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6 Weird Hiking Gear Purchases That Will Change Your Hiking Game

Updated: Dec 16, 2021


Hannah Unbound hiking in the Colorado mountains with her dog

While a lot of hikes can be done with a good pair of shoes and a bottle full of water, for the more avid hiker you have to get a bit more serious about your hiking gear choices. These products are probably ones you've either never heard of or never really considered that important for your hiking lifestyle, but I'm guessing you'll want at least one or two of these items before you're done with this post.


I'll start with the less strange and simply practical and get progressively more niche as we go along the list.


 

(Disclosure: Some of the links in this post are affiliate links and if you go through them to make a purchase I will earn a small commission at zero extra cost to you. I link to these companies and their products because of their quality and not because of the commission. Thank you!)

 

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Hannah Unbound crouched in a mountain meadow in Colorado to take a picture in her packable rain jacket


Just having a rain jacket is great, having a packable down coat is great, but are you going to bring either of those on every hiking trip you go on, no matter how short?


A packable rain jacket is small enough that I can always bring it with no thought to size or weight, and will cover you in any situation. Too chilly? It works as a windbreaker. Too sunny? A lightweight option to cover your arms from burning. Too rainy? Well, you get it.


orange Marmot Precip Eco packable rain jacket packed on the ground



I bought my jacket from Marmot, it's

the Precip Eco, and I love it, it's lightweight, keeps me dry, blocks the wind and it's eco-friendly recycled material!



 


 


Hannah Unbound wearing Saucony trail runners on a hike in Colorado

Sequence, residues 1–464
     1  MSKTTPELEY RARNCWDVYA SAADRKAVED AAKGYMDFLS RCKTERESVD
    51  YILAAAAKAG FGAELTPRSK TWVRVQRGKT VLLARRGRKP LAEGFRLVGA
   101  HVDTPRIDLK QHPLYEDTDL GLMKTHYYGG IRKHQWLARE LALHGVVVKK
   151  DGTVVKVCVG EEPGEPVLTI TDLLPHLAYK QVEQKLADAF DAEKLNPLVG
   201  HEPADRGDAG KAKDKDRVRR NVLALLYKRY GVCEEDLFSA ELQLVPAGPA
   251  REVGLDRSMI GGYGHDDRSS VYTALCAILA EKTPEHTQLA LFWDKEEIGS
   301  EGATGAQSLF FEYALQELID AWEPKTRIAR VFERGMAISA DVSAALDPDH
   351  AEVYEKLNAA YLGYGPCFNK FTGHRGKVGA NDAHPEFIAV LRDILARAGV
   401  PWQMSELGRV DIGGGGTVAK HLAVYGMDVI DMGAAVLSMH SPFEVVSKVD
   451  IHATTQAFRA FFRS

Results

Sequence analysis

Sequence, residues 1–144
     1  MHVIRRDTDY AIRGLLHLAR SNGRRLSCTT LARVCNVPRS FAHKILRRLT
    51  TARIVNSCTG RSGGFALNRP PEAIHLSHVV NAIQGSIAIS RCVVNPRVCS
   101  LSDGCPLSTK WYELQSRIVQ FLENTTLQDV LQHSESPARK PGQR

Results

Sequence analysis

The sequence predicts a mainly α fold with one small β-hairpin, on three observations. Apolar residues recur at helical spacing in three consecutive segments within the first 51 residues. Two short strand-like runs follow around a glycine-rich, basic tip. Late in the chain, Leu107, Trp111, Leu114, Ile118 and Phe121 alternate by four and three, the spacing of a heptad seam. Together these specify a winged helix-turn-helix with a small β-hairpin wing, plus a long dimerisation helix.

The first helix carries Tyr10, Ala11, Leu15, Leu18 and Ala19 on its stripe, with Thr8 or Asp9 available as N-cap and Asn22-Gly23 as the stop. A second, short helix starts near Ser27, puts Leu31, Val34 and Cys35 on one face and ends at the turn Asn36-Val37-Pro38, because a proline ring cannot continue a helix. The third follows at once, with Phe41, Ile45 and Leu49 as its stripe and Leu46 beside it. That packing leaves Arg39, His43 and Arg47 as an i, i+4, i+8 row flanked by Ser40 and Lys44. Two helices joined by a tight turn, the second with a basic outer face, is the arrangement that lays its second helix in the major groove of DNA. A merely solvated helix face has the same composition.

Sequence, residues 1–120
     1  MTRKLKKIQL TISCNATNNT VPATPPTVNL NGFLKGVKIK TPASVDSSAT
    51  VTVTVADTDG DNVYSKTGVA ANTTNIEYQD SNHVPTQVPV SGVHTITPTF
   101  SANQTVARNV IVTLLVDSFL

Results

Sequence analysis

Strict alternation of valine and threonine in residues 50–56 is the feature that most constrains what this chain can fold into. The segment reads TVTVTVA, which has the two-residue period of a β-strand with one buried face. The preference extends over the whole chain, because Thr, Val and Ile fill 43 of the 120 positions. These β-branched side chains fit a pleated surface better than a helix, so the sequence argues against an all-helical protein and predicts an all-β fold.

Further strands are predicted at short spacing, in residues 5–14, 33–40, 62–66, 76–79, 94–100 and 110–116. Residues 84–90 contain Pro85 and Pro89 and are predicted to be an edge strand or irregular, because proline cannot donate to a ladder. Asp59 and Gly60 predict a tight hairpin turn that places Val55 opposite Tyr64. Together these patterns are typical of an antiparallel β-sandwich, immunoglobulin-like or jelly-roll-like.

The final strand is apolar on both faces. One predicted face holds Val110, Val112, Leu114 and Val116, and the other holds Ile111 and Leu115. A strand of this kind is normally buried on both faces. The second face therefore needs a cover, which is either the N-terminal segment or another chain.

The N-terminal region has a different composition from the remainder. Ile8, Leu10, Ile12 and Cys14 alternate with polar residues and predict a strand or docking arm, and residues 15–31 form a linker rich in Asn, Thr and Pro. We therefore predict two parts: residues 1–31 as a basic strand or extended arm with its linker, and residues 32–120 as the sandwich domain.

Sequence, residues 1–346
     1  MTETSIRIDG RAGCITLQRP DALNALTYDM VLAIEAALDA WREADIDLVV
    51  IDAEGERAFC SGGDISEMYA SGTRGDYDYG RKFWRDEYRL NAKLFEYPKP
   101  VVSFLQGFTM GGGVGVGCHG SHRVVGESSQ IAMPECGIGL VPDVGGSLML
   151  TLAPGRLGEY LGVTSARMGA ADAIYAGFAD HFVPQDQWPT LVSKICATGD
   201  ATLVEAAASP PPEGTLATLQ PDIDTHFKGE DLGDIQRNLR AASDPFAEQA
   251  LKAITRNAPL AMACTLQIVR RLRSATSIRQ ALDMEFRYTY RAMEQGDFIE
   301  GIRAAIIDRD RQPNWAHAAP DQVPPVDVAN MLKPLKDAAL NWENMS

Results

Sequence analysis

Now that I've bought trail runners I don't know how I ever hiked in big bulky boots. While I still use my ankle supporting boots for backpacking to keep some stability, for the everyday hikes I just love my trail running tennis shoes.


These hiking shoes are breathable, lightweight, offer more traction than my hiking boots, and despite the name require zero running. While mine are not waterproof like my hiking boots. if I know I'm going on a wet hike I just wear my boots out or go barefoot on river crossings.


If your feet get sweaty quickly, or boots are just too heavy for your regular hikes, then I highly suggest adding a pair of trail runners to your hiking gear.


Red and black Saucony Peregrine 10 trail runner hiking shoes

These are the ones I've been using from Saucony, I like that they look edgy and offer amazing comfort and traction.



 


 


Hannah Unbound hiking in Colorado using trekking poles

While not necessarily a strange piece of hiking gear, trekking poles have gotten a bad rep by most hikers. Normally they're seen as a beginner piece of hiking gear or some sort of sign that you're weak and need hiking assistance. Since I've been using them for the last 6 months, I have a totally new point of view.


I'm in my 20's and trekking poles have become mandatory for me while backpacking, taking off some of the weight of the backpack from my hips and shoulders. Also, helping me push up inclines and saving my knees on steep declines. You are not old or weak if you use hiking poles, they are a helpful hiking tool that will save your body from extra strain so you can keep hiking for longer.

Black Sierra Mountain Gear trekking poles used for hiking gear

While could talk about the benefits of trekking poles all day and probably will in a future post, all I can really say is they're not for everyone, or for every hike, but they may just be for you.


Plus, you can try them out fairly cheap if you go to the right shops. I got mine at Sierra for $20, they're a bit heavy and the straps aren't super comfy but they're very stable.



 


 



Hannah Unbound hiking in the Rocky Mountains with a cooling towel around her neck

Talk about a real lifesaver.